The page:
Anyone who’s spent any time in London in the past several years will have picked up on something different in the air… like the fragrant aroma of melted cheese, or the far-off sizzle of meat on the grill. Yes, Britain’s burger revolution is upon us, and the best burgers in London bear no resemblance to limp fast food specimens and charred-beyond-recognition pub items.
Fact is, if you’re a burger-lover in London, you’re living in something of a golden age. There are now dozens of restaurants, chains, and pop-ups that are catering to the capital’s new taste for meat-and-bun alchemy, and what they’re slinging couldn’t be farther from the dried-out buns, flavourless patties and skimpy condiments of yore.
A burger, fries, and fried onion sticks at Dirty Burger © Dirty Burger
These burgers take the American burger bar, diner, and casual shack as their inspiration. Picture: soft potato bread rolls, seared and perfectly salted meat, a sloppy cascade of melted cheese, oozing ketchup and brilliant yellow mustard, and the vinegary snap of gherkin slices and raw onions. Together, it’s a symphony of sweet-salty-umami flavours.
No one owns the title of best burgers in London better than the inimitable MEATliquor. Founded by Yianni Papoutsis and Scott Collins, the concept underwent some intensive R&D (including multiple trips to the States) before seeing the light of day. Their research has paid off: the MEATliquor dead hippie burger is certainly one of the city’s best. Consisting of two patties, American cheese, special sauce, shredded lettuce, and gherkins, it’s the juiciest and sloppiest affair this side of the Atlantic. It’s even finer when served alongside MEATliquor’s Monkey Fingers (crispy battered chicken with delectable dipping sauces) and a bourbon-based cocktail or two.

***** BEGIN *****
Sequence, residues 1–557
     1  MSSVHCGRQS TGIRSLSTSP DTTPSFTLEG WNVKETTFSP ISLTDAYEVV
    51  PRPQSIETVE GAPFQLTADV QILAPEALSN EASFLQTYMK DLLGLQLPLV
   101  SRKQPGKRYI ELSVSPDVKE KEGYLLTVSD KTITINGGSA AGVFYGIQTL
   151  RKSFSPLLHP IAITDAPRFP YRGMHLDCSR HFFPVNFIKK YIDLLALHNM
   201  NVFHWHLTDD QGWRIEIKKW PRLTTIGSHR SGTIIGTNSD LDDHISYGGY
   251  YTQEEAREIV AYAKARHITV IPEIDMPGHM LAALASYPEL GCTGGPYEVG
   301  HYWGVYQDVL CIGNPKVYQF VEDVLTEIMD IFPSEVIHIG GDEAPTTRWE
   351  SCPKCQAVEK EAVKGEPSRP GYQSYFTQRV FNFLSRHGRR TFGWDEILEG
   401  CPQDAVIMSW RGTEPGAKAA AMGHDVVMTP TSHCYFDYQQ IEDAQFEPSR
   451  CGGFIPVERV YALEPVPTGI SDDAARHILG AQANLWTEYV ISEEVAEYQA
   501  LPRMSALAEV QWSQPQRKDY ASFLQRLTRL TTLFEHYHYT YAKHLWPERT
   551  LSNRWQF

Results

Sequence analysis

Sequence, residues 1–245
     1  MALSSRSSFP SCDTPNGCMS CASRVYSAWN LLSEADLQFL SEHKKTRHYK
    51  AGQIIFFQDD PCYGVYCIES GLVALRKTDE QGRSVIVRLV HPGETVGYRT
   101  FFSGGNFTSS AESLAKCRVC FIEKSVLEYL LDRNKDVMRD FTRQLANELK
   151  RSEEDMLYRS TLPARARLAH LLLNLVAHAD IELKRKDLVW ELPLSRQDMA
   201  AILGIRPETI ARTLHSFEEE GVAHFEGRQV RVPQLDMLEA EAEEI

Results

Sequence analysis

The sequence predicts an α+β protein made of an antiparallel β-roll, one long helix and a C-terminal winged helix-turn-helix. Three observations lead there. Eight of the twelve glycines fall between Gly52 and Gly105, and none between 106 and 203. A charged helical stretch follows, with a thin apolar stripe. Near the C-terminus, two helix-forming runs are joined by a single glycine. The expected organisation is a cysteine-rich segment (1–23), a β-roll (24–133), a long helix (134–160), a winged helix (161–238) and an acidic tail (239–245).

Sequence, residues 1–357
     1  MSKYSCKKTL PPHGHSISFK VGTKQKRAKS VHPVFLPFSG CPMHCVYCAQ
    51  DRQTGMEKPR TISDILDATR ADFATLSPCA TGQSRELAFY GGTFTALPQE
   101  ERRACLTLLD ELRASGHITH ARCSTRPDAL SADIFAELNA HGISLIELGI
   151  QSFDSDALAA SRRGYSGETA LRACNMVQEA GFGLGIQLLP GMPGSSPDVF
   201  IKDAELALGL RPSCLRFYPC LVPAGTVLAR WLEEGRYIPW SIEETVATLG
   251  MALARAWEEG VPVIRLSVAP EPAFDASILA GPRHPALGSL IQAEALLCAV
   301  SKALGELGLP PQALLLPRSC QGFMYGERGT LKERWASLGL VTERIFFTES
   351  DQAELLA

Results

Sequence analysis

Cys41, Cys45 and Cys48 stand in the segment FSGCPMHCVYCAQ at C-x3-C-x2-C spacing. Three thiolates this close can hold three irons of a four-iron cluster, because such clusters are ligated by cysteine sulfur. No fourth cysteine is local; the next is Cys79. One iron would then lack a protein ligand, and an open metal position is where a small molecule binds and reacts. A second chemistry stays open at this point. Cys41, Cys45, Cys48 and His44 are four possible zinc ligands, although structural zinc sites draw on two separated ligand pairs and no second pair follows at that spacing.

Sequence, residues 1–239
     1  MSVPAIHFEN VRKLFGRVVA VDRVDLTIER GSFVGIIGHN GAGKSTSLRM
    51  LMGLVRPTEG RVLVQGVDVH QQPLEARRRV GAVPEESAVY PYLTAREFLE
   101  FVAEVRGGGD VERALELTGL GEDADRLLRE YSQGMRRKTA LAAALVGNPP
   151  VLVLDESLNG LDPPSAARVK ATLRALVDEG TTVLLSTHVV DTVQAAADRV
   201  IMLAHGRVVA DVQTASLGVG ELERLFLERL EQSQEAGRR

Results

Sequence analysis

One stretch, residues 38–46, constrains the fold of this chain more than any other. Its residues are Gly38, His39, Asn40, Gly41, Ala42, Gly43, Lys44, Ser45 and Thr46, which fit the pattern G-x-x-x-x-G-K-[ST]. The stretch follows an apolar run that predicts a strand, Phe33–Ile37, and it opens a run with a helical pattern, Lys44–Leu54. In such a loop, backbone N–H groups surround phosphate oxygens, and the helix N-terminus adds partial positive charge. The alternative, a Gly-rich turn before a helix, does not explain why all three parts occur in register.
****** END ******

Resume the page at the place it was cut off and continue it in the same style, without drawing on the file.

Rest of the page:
Of course, the Marylebone restaurant isn’t the first MEAT enterprise. Papoutsis and Collins have also overseen MEATwagon
, a mobile burger base, MEATmarket
in Covent Garden, and MEATmission
, situated in a former Christian mission in Shoreditch (MEATliquor has also moved outside of London for the first time, with a newly opened Brighton outlet), so there are plenty of options to get your burger fix.
Lucky Chip’s burgers are famous for their thick, juicy patties © Annie and Andrew
Foodies looking to embark on a London burger crawl also have an array of other options to fill out their itineraries. While favourite US chains Shake Shack
and Five Guys
are both recent additions to the city’s dining scene, stick with the British burger boom at Dirty Burger
, in Kentish Town and Vauxhall. Styled as a dingy burger shack, complete with aluminium siding and a very casual environment, the eatery specialises in straight-from-the-grill molten burgers. Those after a diner-style burger can head to Notting Hill’s Electric Diner
, meanwhile, for a knife-speared, two-patty tower of meat and cheese.
The Double Candy Bacon Flipper from Mother Flipper © Ewan Munro
London’s food trucks are also an excellent resource for top-notch burgers on-the-go. Based in Brockley Market and also commonly found at Camden Brewery and Street Feast, Mother Flipper
serves superbly hearty, bacon-laced specimens (try the Double Candy Bacon Flipper). Lucky Chip
is another winner. Found at Bethnal Green’s Sebright Arms and on Netil Market, the burger’s thick and meaty patty makes it a standout.
London’s burger revolution is now one of the city’s most exciting culinary trends. Get started at MEATliquor and explore from there – you’re sure to discover some truly inspired burgers.
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What do you think of the London burger revolution? Have you tried any of these top burgers?
Written by Claire Bullen